People are easy going and enjoy their football and a pint of ale at the end of a long day. Sheffield is historically a steel town and most people have ancestors who worked steel mills and such. Since the steel industry has retracted and grown smaller they have moved into other industries and look towards education and tourism. There are two Universities in Sheffield, Sheffield Hallam (which I attended) and University of Sheffield. I once heard something like 60% of all money made was money from students. Essentially it is a big college town.

I am a pretty outgoing individual so making friends was never too hard. My closest friends came from having a bit too much to drink and partying too...

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luton, united kingdom - anonymous' reflections after years there in their 20s

posted by anonymous on 11/13/13.

I was 24 when I came there. Before that I lived in Lithuania where I had my bachelor's degree finished. The city I lived in the UK was a small industrial town called Luton, far from the best place to be in England. High crime rate, lots of immigrants, families on social welfares. The only thing good about it was probably a close proximity from London and several international airports.

Possibility to study high quality Master‘s degree in Human Resource management brought me to the UK and relatively good tuition of course (now it’s not so good). I had a preference to continue my studies in another country and it had to be English speaking, because I didn’t want to feel isolated with a language barrier in some other random European country, and UK is quite close for a cheap return home.

To answer about the people in the UK, I would have to include all of immigrants, because there are so many of them, I would not hesitate to claim that truly British people are only 50 % of the population.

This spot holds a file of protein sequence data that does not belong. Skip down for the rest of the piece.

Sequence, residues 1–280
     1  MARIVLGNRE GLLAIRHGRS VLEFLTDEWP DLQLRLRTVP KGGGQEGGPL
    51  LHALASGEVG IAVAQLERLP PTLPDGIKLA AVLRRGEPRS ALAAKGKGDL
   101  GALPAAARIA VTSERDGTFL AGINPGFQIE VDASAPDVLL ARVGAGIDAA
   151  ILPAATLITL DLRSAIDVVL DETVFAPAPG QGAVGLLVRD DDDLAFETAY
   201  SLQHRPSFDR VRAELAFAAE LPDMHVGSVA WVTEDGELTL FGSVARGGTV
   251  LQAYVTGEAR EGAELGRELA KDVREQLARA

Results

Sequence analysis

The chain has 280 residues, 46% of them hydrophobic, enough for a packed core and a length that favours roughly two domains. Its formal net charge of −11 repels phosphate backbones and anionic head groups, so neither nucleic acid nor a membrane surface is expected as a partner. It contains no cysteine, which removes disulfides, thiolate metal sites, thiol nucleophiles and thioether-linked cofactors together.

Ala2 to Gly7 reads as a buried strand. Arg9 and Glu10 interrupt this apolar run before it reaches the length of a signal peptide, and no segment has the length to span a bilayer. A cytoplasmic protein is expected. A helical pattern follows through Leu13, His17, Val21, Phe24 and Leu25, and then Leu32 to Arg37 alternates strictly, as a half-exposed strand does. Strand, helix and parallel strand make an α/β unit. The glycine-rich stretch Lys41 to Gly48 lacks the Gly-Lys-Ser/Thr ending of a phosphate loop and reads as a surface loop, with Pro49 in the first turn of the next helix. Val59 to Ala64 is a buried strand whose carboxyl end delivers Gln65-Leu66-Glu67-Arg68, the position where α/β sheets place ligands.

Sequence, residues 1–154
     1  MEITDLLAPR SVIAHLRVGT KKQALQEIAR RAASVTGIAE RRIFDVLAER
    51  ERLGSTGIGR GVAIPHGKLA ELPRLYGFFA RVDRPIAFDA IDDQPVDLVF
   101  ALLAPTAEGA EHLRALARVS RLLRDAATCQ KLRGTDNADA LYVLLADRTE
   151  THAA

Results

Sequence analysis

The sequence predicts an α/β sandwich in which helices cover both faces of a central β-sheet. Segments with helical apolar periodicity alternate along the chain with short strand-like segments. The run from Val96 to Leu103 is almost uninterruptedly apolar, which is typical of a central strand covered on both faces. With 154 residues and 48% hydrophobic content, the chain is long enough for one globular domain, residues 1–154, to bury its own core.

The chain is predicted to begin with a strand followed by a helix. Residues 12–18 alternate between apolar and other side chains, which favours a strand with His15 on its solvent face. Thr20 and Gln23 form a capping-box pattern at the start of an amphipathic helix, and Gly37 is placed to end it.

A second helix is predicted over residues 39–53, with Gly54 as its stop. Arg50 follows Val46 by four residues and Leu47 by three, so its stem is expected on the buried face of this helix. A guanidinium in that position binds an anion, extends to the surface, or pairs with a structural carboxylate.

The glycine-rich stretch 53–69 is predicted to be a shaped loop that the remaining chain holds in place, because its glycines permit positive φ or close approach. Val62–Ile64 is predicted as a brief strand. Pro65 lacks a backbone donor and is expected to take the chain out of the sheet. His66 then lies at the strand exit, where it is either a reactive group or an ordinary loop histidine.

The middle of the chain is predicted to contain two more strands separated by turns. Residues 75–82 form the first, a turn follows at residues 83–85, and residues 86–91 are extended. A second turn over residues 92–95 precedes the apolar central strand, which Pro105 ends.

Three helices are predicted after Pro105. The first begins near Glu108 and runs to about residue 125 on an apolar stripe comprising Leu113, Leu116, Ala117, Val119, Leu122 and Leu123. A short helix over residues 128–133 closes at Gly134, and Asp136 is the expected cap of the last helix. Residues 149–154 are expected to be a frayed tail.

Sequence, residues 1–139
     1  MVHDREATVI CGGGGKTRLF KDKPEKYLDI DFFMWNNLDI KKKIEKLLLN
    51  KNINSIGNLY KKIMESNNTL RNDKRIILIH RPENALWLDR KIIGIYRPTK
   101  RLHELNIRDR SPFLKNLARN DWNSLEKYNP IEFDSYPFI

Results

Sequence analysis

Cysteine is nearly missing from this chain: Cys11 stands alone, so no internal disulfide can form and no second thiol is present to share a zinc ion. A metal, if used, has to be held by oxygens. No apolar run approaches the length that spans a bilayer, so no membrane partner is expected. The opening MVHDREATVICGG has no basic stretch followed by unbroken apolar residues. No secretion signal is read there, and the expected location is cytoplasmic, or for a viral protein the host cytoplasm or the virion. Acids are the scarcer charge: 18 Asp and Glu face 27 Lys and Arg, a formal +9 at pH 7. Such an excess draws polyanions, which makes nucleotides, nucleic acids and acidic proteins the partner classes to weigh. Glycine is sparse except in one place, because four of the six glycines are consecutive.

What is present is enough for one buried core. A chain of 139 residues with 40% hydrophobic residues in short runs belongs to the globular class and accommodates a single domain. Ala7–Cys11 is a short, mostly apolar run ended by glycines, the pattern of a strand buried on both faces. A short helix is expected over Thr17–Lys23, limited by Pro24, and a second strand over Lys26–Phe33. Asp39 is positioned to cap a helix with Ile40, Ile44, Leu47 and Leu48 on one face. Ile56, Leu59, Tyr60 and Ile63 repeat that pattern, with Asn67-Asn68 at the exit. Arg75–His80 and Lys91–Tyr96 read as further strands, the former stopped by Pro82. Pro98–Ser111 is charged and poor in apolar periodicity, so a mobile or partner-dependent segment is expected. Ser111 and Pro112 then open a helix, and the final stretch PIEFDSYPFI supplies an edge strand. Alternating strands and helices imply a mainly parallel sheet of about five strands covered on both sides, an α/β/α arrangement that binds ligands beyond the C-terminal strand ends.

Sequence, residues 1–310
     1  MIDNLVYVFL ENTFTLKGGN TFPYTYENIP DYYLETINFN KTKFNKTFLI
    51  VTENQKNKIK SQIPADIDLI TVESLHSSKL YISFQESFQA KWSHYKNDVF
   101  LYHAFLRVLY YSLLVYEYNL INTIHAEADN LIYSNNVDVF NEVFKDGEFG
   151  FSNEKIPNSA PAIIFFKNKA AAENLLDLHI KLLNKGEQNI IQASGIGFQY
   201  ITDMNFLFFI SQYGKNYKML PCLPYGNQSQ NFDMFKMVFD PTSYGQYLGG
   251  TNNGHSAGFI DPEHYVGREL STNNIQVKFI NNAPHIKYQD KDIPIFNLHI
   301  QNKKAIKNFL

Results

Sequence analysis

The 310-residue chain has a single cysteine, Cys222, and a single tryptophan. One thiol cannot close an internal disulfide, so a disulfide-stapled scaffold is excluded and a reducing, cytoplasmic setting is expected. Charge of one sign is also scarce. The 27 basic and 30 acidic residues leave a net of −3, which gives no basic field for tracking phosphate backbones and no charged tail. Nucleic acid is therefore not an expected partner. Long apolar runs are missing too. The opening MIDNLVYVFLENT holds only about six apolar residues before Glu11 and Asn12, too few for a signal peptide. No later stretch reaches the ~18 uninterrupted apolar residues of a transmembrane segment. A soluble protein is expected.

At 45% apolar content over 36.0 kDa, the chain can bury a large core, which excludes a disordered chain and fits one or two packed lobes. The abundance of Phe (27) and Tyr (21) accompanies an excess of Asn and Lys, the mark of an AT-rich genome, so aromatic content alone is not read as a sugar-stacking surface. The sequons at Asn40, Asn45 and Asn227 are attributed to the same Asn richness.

It would be kind of alright if the immigrants were Europeans, but they’ve got, Africans, Pakistanis, Bangladeshi, Indians (they are quite alright though), and Albanians. They don’t integrate;...

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the united kingdom - anonymous' reflections after years there in their 30s

posted by anonymous on 10/30/13.

I've lived in the UK now for just over 4 years.

I was 35 when I arrived here, and I lived in Sydney, Australia before then.

My husband was transferred for work. The Sydney office was closing, so it was either move over here or he needed to get another job.

I live in Maidenhead, which is a small town just west of London, in the county of Berkshire. It's a pretty affluent area of the UK, but as with most places, has it's more 'affordable' parts.

We moved here because this is where my husband's office was based. No point being too far away from the reason we were here!

I love the people here, though some of them can be a little uptight compared to Australians. Everyone is polite, though if you talk to a stranger in the street, or supermarket, they always tend to look a little shocked!

It's always difficult to make friends in new places, especially as an adult, but I found being different was a good thing. I was a bit of a novelty to some people. It helped having a young son in school, though it was difficult to break into the school mum circle. My social life basically came from the lovely neighbours we had. 3 families who lived close by have become so important to me, as...